Best for: Neighbourhood vibe and people watching
Location: 1-16-11 Tomigaya, Shibuya-ku, Tokyo
Price: Drinks from 300 JPY / 2 USD

While roaster Fuglen hails from Oslo, this outpost in indie Tomigaya has been beloved by Tokyo’s art crowd since 2012. With an early opening time and a late-night cocktail menu, it is an all-hours oasis. Comfy vintage furniture indoors and sunny perches outside offer an excellent vantage point overlooking the steady stream of people flowing down the neighbouring path towards the busy heart of Shibuya.

Studio Ghibli-inspired latte art at Cafe Reissue, made into 3D forms with foam.
Studio Ghibli-inspired latte art at Cafe Reissue

Cafe Reissue

Best for: Latte art
Location: 3-25-7 Jingumae, Shibuya-ku, Tokyo
Price: Drinks from 600 JPY / 3.90 USD, latte art 1500 JPY / 9.60 USD

For the ’Grammers, this spot for 2D and 3D latte art is a Tokyo icon. Bring a photo to show the barista and they’ll painstakingly recreate it in foam, either as a detailed 2D representation or a towering 3D structure rising from your cup. Alternatively, simply let them surprise you with something unbearably cute. Sure, it’s gimmicky, but it’s also a lot of fun.

A long black and two doughnuts at Coffee Wrights Omotesando.
A long black and two doughnuts at Coffee Wrights Omotesando


Coffee Wrights Omotesando

Best for: Hand-drip and a doughnut
Location: 4-9-13 Jingumae, Shibuya-ku, Tokyo
Price: Drinks from 400 JPY / 2.50 USD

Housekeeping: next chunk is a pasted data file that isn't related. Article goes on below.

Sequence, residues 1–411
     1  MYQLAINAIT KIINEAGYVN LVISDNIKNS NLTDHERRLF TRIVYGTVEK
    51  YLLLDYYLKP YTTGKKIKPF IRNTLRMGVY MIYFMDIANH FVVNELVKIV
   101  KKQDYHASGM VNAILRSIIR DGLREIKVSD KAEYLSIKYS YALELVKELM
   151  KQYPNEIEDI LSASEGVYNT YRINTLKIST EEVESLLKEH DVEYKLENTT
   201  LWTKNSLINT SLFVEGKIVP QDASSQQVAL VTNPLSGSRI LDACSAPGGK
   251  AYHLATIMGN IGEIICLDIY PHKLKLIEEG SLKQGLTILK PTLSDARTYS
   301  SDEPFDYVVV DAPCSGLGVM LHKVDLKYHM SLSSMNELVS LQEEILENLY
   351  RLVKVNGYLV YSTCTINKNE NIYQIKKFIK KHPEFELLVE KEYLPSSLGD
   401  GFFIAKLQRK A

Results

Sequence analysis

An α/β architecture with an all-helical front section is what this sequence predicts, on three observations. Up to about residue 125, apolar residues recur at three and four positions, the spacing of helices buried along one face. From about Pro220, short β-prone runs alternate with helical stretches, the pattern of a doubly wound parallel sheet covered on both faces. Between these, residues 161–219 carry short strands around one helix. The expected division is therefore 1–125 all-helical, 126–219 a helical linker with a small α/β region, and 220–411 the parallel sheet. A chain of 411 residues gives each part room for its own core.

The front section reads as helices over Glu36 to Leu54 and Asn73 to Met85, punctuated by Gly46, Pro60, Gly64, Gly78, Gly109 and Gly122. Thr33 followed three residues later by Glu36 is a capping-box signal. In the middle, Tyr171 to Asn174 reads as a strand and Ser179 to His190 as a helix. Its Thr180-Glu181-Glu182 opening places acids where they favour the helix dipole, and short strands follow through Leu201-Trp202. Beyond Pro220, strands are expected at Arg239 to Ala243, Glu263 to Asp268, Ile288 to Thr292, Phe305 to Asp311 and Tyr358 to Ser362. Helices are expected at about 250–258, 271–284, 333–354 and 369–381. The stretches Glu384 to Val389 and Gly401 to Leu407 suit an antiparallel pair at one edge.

Two beloved homegrown artisans, the roaster and coffee educator Coffee Wrights and doughnut maker Higuma, teamed up for this minimalist residential cafe. Coffee Wrights brings freshly roasted single-origin beans and Higuma supplies its springy doughnuts made using ingredients exclusively from Hokkaido. The honey mascarpone flavour is only available here and worth a trip on its own. Another pro tip: buy a 200g bag of beans for home and receive a free coffee.

Creating a drink at Sakurai Japanese Tea Experience.
Creating a drink at Sakurai Japanese Tea Experience

Sakurai Japanese Tea Experience

Best for: Elevated teas and wagashi sweets
Location: 4-9-13 Jingumae, Shibuya-ku, Tokyo
Price: Tea sets from 1950 JPY / 12.50 USD, cocktails from 1750 JPY / 11.25 USD

We’ve snuck one specialty tea shop in here. It is Japan, after all, and this high-end tea shop and salon is something special. Service at the eight-seat counter draws on traditional tea ceremony and kappo-style fine dining while presenting a curated selection of teas from around Japan, some roasted in-store or blended with other traditional ingredients like dried shiso leaves. In the evening, tea-infused cocktails are on offer. A visit here is guaranteed to make you see tea in a whole new light.

Menus on a blackboard at Turret Coffee Tokyo.
Menus on a blackboard at Turret Coffee


Turret Coffee

Best for: Takeaway lattes
Location: 2-12-6 Tsukiji, Chuo-ku, Tokyo